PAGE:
The provision of secure, resilient and high-performance bandwidth capabilities will drive innovation in the automotive marketplace.
Who would have thought that major automakers would become huge software developers?
What I find most exciting is that we are no longer critical partners with the IT departments. We are becoming critical partners in the operational side of the business, right up to CEO level.
Intelligent grids needed for EVs
Automotive Industries asked Didier how power grids will need to be strengthened and reconfigured to cope with demand from EVs.
Didier. It is not an equation that can be simply solved by increasing electricity outputs. Since, electric vehicles are able to provide storage for the grid, it makes them both a user and a resource.
Ford, for example, has announced that its Ford F-150 EV can power a home in the case of an electricity outage, obviating the need for a generator or battery pack.
Therefore, supply also has to be much more flexible. By nature, cars move around. That’s going to make the demand mobile, depending on where people are and what they are doing at various times.
AI: What are some of the key challenges that power grid managers face?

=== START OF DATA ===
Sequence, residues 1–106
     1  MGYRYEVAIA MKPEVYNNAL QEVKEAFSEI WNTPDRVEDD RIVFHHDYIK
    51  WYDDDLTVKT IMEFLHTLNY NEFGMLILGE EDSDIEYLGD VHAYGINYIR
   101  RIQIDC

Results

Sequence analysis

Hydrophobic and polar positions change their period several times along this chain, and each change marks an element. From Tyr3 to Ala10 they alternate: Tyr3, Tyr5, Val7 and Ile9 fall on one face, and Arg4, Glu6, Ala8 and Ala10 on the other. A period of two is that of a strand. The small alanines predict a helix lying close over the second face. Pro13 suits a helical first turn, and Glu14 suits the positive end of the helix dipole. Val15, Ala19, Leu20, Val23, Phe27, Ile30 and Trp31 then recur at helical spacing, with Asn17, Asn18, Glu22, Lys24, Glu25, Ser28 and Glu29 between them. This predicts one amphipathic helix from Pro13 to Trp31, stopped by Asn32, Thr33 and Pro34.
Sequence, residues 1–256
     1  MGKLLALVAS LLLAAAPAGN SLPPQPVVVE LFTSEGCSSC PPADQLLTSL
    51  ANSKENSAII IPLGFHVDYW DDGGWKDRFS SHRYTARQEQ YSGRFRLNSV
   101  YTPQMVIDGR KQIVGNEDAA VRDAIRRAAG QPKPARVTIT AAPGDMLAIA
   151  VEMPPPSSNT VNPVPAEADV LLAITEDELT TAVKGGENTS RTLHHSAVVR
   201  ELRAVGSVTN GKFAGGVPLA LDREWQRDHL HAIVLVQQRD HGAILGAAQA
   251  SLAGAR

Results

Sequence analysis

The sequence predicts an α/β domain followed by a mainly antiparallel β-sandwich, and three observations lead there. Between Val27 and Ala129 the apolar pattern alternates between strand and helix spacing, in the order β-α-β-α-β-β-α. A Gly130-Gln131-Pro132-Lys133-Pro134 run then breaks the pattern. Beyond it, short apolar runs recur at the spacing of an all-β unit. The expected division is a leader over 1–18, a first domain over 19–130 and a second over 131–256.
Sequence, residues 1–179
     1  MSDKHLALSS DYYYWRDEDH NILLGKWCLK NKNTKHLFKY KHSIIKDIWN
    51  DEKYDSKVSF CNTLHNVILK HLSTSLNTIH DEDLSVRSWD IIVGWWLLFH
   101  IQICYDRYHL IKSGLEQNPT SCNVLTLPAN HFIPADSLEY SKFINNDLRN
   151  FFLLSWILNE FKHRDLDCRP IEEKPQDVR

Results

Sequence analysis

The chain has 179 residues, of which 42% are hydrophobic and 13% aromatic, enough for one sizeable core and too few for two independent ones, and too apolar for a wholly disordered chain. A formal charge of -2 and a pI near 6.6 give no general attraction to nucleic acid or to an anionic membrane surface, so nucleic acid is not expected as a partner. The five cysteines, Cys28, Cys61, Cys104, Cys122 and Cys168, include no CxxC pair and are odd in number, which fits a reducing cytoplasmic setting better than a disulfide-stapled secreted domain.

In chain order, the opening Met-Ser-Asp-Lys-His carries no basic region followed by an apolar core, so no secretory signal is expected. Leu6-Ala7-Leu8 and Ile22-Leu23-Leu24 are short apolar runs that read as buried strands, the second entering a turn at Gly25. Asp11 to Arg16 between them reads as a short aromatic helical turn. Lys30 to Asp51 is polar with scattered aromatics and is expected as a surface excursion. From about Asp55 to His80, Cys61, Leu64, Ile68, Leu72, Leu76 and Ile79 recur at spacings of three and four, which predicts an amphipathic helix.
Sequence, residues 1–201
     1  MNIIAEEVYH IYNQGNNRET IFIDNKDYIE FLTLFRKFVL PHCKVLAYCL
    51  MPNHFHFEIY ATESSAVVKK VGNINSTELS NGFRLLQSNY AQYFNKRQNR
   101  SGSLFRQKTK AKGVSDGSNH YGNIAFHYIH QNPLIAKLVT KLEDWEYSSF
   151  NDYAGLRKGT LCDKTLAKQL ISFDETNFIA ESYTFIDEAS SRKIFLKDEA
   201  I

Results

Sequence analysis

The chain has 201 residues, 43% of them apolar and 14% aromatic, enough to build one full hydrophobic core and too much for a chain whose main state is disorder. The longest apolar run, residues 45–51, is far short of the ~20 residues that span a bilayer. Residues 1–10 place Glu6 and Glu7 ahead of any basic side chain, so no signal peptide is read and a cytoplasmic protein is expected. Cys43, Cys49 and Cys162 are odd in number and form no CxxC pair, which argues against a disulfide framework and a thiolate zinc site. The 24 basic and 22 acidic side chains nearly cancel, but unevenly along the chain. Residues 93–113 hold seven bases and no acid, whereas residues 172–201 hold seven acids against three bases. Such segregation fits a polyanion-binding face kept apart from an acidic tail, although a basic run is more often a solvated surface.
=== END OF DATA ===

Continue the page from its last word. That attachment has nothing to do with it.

Didier: The biggest challenge is moving away from centralized generation to highly distributed generation.
The grids need to be upgraded for much more flexibility. It will be really critical to collect information on their status in real time in order to adapt to the changing demands.
AI: How can Cisco help grid managers?
Didier: We provide a very broad portfolio of industrial and enterprise grade network infrastructure that is very flexible, highly automated, and highly configurable. A really critical consideration is to have resilience and low latency.
The network needs to be very reliable, very secure. We are moving a lot of our network to software-defined capabilities, where the network itself is very adaptable and very flexible. There is a lot of opportunity to enhance and adjust the network along with the changing grid,
AI: What role does data analytics play?
Didier: Again, that is absolutely critical. A lot of data and information is being collected from the resources. This needs to be analyzed very quickly in use some cases and on broader levels in others. Artificial intelligence and machine learning need to be fed with data.
AI: What about future proofing?
Didier: We are constantly reviewing and updating our range of products. They are designed for emerging technologies.